The policy-related specifications, backed by IBM, Microsoft, BEA Systems, SAP and others, officially define policy as the collection of all acceptable policy assertions for a specific domain (WS-Policy Section 3.4). In this definition, an assertion is considered a requirement or preference of the service. The following are examples of some assertions that can be made by a Web service:
You must send either an X.509 certificate from you or else a Kerberos ticket, and Kerberos tickets are preferred.
You must encrypt your message header.
You must sign the message.
You must send requests only in either German or Dutch.
You can send messages encoded in either UTF-8 or ANSI_X3.4-1968.
In the rest of this chapter, I ll discuss the specifications that describe how to declare such policies for our Web services. Like all of the specifications that I discuss in this book, a main goal of these specifications is to be modular, wherein each layer is broken down into a separate specification, which includes the policy specifications described next .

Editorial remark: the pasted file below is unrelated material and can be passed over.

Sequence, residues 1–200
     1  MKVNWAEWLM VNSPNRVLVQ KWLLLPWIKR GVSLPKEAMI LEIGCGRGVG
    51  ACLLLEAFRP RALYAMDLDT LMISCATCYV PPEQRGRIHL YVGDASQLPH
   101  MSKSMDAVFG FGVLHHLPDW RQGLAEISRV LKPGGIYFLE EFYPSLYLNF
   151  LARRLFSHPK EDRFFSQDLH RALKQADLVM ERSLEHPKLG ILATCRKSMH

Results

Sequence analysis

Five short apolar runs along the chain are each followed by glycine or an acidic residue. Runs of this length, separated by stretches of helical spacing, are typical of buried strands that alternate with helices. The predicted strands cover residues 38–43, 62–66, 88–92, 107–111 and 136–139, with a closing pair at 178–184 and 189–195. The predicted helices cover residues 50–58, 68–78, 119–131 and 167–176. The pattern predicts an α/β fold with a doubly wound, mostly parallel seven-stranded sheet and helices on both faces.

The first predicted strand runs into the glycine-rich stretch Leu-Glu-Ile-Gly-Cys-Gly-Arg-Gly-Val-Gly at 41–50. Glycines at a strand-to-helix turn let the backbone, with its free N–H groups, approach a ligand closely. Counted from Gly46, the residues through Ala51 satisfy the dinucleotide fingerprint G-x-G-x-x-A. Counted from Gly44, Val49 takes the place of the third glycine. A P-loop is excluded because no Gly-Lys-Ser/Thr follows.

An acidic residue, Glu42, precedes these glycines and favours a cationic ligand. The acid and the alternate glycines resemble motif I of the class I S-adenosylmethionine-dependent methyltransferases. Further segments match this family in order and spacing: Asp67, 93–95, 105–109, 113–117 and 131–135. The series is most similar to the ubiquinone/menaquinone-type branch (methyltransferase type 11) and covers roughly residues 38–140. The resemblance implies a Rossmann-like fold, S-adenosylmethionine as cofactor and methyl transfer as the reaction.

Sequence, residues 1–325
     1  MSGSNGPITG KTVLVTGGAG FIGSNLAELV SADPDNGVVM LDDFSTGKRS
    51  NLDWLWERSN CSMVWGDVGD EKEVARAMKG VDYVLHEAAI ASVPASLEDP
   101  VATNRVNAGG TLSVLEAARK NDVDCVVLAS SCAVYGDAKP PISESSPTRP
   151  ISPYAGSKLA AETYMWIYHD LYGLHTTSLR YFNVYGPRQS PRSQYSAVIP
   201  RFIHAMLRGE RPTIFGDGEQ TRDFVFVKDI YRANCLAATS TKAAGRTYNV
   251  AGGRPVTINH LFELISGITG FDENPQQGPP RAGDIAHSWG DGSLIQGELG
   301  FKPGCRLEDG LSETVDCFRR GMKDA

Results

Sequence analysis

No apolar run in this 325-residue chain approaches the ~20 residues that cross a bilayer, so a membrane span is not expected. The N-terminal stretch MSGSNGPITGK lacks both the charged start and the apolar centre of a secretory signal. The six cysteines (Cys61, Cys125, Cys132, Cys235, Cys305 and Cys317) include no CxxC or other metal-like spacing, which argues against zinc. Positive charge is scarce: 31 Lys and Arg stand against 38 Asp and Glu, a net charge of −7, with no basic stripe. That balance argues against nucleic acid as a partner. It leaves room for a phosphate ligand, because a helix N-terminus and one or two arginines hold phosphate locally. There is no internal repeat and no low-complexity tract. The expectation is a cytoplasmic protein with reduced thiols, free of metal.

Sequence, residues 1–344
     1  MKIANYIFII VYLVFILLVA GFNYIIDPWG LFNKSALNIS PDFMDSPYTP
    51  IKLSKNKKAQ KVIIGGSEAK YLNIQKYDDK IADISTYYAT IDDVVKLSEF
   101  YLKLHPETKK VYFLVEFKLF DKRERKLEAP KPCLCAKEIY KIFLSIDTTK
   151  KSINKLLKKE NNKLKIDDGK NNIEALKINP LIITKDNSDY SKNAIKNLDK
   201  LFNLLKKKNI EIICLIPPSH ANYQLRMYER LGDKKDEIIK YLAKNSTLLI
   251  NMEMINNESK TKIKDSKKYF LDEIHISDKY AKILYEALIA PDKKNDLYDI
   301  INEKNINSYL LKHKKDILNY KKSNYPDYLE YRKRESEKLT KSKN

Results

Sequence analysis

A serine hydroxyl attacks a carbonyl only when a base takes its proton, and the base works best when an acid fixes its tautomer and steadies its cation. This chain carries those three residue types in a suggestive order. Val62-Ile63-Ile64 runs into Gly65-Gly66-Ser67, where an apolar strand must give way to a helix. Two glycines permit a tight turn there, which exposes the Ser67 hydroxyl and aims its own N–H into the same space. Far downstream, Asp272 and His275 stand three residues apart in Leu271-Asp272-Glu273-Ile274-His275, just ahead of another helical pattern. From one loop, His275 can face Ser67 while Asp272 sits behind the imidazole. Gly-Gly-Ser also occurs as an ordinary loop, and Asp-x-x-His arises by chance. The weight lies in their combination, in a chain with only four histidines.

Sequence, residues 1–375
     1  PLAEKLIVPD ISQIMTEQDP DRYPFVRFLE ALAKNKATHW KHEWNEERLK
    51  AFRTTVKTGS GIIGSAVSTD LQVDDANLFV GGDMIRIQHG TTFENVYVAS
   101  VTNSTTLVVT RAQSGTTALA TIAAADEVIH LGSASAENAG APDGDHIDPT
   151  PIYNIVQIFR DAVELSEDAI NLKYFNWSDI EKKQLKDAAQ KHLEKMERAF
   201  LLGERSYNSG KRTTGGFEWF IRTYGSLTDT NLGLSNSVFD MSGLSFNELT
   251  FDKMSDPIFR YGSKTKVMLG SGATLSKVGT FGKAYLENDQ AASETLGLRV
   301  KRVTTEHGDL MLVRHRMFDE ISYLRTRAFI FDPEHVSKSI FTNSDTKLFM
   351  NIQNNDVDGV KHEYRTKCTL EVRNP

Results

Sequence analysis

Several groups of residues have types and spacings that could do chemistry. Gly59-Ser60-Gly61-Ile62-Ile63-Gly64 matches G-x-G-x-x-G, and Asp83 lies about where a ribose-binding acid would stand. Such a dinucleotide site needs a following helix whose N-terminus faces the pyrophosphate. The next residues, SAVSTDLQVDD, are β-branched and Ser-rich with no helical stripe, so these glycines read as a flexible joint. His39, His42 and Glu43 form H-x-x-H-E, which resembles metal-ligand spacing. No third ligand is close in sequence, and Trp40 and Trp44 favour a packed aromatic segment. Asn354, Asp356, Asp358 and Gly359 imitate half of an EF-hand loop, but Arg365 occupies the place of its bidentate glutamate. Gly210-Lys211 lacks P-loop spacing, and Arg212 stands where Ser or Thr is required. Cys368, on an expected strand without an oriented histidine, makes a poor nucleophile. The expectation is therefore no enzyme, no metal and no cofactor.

This specification describes a framework for defining and communicating the expectations and requirements both for sending messages to and receiving messages from a Web service, and it defines the format of such requirements.
This specification defines a core set of Web service-policy assertions dealing mostly with messaging issues, encoding, and other requirements that fall outside WSDL.
This specification describes a set of policy assertions that defines the types of security features that a Web service has implemented and the type of security that s required of an incoming request message. Although WS-SecurityPolicy is often considered a security specification, I discuss it in this chapter because it does define policy assertions regarding Web services security and leverages the WS-Policy framework for describing assertions.
This specification, in essence, ties everything together by defining how policy expressions are linked to WSDL and Universal Description, Discovery, and Integration (UDDI) as well as to other discoverability mechanisms.
Not only are the above specifications designed, to leverage one another, but they are also orthogonal to one another. This means that, for example, the security policy assertions defined in WS-SecurityPolicy can be taken advantage of in a framework other than the one described in WS-Policy or even just passed around in SOAP message headers. In subsequent sections, I will delve into what these specifications describe in a bit more detail, and we will see how WSE makes it work. I do cover UDDI-specific policy bindings in this book.